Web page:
Nuclear engineer Leslie Dewan, co-founder and chief executive officer of Transatomic Power, is helping revolutionize the nuclear power industry. She and a Massachusetts Institute of Technology (MIT) colleague have designed a new type of nuclear reactor, which is a safer, more efficient alternative to the current light-water reactors in use today. Called the “Waste-Annihilating Molten-Salt Reactor,” Dewan’s design is based on molten-salt reactors that were originally proposed in the 1950s as a way to power aircraft. The main advantage of molten-salt reactors is that they use liquid rather than solid fuel, making them more efficient and safer. The original molten-salt prototypes, however, were bulky, expensive and had a low power density. Dewan has introduced new materials and a new shape that allowed her to increase power output by 30 times. With the Waste-Annihilating Molten-Salt Reactor, 96 percent of the energy can be extracted, compared to only 3 or 4 percent with conventional reactors. By extracting more of the energy, the radioactive life of the majority of the waste can be reduced to just a few hundred years, compared to conventional nuclear waste that is radioactive for hundreds of thousands of years. An environmentalist at heart, Dewan says we need nuclear power if we are to have any hope of reducing fossil fuel emissions and preventing climate change. Dewan was named one of Time magazine’s “30 People Under 30 Changing the World” in 2013.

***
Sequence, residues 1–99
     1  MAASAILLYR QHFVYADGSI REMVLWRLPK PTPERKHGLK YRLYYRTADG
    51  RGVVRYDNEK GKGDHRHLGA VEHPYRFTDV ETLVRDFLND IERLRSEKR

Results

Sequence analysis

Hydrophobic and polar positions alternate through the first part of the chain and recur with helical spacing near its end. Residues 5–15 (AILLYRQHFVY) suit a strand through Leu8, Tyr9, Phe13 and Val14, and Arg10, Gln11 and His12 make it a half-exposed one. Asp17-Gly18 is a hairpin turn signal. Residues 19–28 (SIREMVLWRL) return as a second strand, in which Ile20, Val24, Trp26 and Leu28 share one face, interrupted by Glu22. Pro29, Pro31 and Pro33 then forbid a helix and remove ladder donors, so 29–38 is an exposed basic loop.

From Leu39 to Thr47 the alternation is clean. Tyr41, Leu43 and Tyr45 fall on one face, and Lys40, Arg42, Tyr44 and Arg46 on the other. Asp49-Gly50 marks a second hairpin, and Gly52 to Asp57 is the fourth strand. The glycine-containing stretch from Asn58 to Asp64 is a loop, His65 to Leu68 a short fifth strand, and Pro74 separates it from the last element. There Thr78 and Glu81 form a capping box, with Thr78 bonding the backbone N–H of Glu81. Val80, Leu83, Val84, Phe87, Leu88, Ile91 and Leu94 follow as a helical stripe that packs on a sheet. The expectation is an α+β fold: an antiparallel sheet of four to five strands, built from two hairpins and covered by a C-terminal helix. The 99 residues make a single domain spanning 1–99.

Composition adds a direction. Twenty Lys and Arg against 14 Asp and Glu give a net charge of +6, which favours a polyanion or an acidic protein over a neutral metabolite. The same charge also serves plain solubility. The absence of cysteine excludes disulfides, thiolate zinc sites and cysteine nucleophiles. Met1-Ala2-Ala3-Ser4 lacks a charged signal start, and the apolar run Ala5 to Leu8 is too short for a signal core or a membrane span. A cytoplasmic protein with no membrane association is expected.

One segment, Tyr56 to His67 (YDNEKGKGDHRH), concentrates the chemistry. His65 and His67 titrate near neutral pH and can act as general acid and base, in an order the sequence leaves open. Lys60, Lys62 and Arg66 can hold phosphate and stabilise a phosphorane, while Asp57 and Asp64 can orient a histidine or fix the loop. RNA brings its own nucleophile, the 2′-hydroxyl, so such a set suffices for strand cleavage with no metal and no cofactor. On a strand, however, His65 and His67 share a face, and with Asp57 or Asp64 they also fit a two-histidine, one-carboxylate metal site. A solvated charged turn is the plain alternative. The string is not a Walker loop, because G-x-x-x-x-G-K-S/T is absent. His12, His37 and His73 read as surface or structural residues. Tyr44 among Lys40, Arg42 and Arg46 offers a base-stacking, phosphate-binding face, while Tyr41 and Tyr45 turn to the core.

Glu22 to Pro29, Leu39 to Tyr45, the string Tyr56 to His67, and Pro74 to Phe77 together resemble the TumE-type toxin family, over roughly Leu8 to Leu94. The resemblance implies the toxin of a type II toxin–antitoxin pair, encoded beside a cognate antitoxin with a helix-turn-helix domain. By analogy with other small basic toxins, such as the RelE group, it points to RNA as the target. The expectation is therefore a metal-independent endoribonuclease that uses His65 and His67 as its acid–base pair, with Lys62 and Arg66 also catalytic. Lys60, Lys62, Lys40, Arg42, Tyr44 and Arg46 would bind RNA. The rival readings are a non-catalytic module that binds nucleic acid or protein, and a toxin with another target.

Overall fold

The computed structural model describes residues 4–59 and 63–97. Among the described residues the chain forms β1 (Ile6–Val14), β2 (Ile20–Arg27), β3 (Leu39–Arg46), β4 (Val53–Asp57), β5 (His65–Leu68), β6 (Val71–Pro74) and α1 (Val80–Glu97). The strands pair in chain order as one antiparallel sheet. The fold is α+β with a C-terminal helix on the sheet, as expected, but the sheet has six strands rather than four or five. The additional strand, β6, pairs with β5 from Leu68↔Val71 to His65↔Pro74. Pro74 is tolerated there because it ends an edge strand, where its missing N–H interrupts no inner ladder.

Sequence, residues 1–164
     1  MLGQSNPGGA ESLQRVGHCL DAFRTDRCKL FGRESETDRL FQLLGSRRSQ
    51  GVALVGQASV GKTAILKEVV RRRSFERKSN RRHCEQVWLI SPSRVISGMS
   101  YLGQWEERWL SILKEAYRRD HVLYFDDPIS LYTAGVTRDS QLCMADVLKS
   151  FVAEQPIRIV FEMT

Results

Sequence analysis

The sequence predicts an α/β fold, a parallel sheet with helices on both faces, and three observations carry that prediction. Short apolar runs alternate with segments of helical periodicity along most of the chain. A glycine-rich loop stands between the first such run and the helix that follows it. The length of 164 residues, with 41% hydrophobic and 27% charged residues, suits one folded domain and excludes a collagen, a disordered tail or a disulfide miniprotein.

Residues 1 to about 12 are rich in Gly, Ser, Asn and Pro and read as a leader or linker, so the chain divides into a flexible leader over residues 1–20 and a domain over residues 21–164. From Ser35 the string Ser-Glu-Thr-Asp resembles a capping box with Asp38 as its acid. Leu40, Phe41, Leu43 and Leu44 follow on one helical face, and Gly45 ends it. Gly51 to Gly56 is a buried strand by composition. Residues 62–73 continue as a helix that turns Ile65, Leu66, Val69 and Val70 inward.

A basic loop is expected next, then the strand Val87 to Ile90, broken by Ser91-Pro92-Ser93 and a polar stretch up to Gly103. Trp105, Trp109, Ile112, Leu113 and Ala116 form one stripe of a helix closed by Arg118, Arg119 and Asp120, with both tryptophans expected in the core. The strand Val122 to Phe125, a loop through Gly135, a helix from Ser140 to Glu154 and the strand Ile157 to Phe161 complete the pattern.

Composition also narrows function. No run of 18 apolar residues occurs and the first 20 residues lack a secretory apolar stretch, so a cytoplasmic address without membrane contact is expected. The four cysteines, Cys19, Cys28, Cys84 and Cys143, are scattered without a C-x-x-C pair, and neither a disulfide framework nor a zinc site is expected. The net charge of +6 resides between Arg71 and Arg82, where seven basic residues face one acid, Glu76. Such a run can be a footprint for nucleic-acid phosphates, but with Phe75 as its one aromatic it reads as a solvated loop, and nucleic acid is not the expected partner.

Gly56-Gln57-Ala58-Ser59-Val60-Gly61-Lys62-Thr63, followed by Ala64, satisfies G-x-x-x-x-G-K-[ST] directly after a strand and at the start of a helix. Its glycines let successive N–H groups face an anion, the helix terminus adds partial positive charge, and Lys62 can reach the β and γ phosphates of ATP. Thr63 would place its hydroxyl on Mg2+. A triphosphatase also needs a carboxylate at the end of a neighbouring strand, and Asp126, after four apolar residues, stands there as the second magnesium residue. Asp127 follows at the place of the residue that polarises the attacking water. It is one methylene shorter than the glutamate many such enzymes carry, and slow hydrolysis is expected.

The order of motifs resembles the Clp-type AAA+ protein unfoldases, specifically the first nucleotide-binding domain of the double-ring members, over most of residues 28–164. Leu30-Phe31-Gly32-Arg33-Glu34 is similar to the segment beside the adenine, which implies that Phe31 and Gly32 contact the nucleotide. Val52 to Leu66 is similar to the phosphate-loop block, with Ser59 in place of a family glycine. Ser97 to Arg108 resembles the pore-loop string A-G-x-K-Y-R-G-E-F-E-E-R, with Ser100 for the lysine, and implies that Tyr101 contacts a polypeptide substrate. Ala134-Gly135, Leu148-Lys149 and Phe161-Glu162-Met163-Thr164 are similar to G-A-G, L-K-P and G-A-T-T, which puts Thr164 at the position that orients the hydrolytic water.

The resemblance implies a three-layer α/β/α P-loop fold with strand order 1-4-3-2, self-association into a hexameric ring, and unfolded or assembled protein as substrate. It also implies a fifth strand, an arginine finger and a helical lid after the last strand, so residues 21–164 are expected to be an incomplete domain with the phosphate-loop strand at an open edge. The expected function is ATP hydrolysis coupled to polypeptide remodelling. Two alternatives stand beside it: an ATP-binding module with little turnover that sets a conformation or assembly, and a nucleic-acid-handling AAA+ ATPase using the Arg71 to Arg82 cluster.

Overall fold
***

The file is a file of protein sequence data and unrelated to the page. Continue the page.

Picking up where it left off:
For urban agriculturalist Caleb Harper, the future of agriculture lies in urban farms, where plants will be grown in controlled environments close to consumers, allowing for cheaper, fresher produce. Harper is the principal research scientist and director of the Open Agriculture (OpenAG) Initiative and MITCityFARM at the MIT Media Lab. He leads a group of diverse engineers, architects, urban planners, economists and plant scientists in the exploration and development of high-performance urban agricultural systems. Harper believes that if we create a perfect growing environment, there is the potential of speeding up growth and of producing plants that are two or three times more nutritious than what we can buy at a store — all while using fewer natural resources. Fundamental to his work is not only the production of food, but also the production of food innovators. For this, Harper and his team are creating open-source agricultural platforms, or food computers, and deploying them all over the world. One of his platforms is designed for a high-intensity production environment, much like a plant data center, where everything will be monitored, the food will not need pesticides or chemicals, and production will be predictable 365 days a year. He is also creating shipping container-sized farms for small-scale local producers, such as corporate or school cafeterias, growing their own food. The smallest farm the group is working on fits on a table top and is designed as a hacker-friendly kit-of-parts meant to inspire a community of students, makers and at-home users to join in the next agricultural revolution.